March 17, 2012
A 94th minute header from Gary Twigg secured a point for 10 man Shamrock Rovers as they held Cork City to a 1-1 draw at Turner’s Cross. Cork had previously taken the lead through a Gavin Kavanagh strike on 62 minutes, but the Leesiders were unable to hold out for their first win of the Premier Division campaign.
Both teams lined out like-for-like, in 4-4-2 formations. The first half was rather uneventful. Shamrock Rovers enjoyed large spells of possession without with causing Cork City’s defence any notable problems.
Towards the end of the first half it was Cork City who came close to taking the lead as Craig Sives almost put the ball into his own net, but Oscar Jansson was equal to the header. Moments later, City came close again, as Shane O’Connor’s excellent left-footed strike from the left-hand side of the penalty area flew just wide of Oscar Jansson’s left post.
In the second half the tempo of the game increased dramatically. Cork were much more positive in this half and didn’t defend as deeply as they had done in the first. Daryl Horgan and Shane O’Connor were particularly threatening for the home side, who took the lead on 62 minutes.
Stephen Rice’s pass out of defence was intercepted near the halfway line by Gavin Kavanagh. The defender steadied himself before trying his luck from more than 30 yards. His strike was firm and on target, but it was the awkward bounce that allowed it to evade the grasp of Jansson in the Shamrock Rovers goal.
Things went from bad to worse for Rovers on 78 minutes as Conor Powell was shown a straight red cardfor a dangerous tackle on Gearoid Morrissey.
In spite of being reduced to 10 men, it was Rovers who dominated the closing stages, proceeding with three at the back as they ventured in search of an equaliser. On 87 minutes, Chris Turner’s lobbed effort flew just wide of Mark McNulty goals as the Cork keeper was caught in no man’s land, having only half cleared a Billy Dennehy cross.
On the 90 minute mark, Dennehy was next to threaten. The midfielder cut inside on the right hand side of the penalty area before shooting just wide of McNulty’s right-hand post.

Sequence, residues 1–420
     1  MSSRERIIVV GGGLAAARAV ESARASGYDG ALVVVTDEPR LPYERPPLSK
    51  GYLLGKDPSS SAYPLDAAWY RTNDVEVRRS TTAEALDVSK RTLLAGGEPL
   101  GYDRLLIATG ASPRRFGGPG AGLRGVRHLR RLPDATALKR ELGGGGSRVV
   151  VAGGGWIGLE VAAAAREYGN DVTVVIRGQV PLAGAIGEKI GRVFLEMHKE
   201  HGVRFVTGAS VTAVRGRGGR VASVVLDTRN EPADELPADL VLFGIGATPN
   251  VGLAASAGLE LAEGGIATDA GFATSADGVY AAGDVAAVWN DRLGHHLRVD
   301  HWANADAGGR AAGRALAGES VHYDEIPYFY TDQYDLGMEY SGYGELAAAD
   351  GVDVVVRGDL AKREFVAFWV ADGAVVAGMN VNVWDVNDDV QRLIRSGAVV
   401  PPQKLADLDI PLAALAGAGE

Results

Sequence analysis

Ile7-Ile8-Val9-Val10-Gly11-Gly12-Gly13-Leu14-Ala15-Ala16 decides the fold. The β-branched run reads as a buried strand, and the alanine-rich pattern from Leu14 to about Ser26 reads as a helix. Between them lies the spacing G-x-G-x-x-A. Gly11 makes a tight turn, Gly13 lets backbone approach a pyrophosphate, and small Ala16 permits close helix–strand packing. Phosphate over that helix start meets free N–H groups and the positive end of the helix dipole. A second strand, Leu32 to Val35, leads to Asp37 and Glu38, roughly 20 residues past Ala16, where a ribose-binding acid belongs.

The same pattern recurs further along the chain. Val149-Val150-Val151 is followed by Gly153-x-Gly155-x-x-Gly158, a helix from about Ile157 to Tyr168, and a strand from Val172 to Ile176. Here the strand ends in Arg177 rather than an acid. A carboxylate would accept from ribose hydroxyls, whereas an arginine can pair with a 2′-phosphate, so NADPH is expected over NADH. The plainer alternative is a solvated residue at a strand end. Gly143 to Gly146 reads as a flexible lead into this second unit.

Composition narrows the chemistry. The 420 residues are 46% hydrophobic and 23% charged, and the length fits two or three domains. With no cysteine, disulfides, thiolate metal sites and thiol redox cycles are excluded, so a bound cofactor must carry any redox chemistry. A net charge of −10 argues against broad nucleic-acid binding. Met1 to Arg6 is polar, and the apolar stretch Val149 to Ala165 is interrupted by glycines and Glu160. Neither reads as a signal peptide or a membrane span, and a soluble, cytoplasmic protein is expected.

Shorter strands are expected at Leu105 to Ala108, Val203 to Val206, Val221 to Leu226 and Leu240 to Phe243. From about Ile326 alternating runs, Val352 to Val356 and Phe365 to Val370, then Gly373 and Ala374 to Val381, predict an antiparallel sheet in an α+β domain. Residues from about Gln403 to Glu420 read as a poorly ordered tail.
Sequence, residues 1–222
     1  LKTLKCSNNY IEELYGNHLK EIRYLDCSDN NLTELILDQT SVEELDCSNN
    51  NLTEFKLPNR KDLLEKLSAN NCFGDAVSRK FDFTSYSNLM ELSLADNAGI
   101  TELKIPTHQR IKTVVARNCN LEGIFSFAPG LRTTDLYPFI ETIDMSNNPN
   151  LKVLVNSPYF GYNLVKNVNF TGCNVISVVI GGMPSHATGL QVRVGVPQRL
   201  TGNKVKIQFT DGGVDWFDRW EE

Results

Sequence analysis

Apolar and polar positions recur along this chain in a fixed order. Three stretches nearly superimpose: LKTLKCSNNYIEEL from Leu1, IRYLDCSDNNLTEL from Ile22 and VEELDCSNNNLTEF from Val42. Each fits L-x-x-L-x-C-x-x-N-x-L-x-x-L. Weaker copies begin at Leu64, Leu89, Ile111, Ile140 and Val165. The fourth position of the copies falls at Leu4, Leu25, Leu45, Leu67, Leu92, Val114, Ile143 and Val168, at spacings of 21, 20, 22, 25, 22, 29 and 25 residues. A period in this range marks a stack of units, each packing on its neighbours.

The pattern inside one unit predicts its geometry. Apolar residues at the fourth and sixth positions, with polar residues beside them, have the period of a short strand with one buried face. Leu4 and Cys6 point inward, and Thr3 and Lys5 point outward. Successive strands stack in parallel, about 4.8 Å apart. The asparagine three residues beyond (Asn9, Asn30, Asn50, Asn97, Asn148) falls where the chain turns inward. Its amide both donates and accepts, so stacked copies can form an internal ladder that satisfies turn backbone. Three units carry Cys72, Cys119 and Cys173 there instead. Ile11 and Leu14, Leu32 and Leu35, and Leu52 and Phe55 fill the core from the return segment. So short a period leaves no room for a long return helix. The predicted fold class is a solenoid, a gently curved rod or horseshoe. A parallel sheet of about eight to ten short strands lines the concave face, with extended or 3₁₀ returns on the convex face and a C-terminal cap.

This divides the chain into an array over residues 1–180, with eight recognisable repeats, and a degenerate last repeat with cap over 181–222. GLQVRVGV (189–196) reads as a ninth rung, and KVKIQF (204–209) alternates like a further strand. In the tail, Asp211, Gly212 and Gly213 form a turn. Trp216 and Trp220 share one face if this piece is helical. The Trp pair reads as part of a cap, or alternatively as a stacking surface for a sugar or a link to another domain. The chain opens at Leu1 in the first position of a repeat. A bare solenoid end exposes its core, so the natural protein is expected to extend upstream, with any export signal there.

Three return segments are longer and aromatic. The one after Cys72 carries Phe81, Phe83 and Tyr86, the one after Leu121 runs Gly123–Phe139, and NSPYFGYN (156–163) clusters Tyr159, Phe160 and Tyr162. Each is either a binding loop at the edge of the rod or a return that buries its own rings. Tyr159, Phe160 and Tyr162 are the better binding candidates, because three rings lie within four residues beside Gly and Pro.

On 94 minutes, Rovers drew level. Dennehy’s corner was cleared back from where it came, giving the Cork-native a second opportunity to cross. With this attempt he found Ken Oman at the back post. Oman, who had been a colossus in the air all night headed back across goal where Gary Twigg was on hand to head home from six yards.
Throughout the game, SC1 Sports analysed the performances of Vinny Sullivan and Ronan Finn.
Ronan Finn played in central midfield alongside Stephen Rice. Whilst Rice sat deep in a holding role, Finn was given the freedom to make forward runs. It was often the case that at the beginning of attacks Finn would be available to receive the ball from the full-backs before surging forward as the move progressed. In essence, he was operating as a box-to-box midfielder.
One thing about Finn’s performance that was unquestionable was his work rate, as he toiled impressively throughout. In spite of this, Finn was unable to find the space to regularly pick up possession in advanced areas, meaning that many of his forward runs were ineffective. In fact, many of the occasions that Finn was in possession in the final third came as a result of his own dribbles, rather than from being found in space by his team mates. Having said that, Cork were compact and defended deep, meaning that space was at a premium.